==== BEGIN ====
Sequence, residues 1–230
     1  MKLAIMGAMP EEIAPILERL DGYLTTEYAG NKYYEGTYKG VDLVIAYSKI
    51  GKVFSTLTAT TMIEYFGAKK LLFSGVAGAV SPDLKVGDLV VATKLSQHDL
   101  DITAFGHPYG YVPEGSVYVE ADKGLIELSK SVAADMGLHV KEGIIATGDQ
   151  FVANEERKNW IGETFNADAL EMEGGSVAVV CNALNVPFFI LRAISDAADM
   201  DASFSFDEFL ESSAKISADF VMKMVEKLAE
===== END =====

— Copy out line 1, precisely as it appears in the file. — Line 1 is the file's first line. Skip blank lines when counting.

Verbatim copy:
Sequence, residues 1–230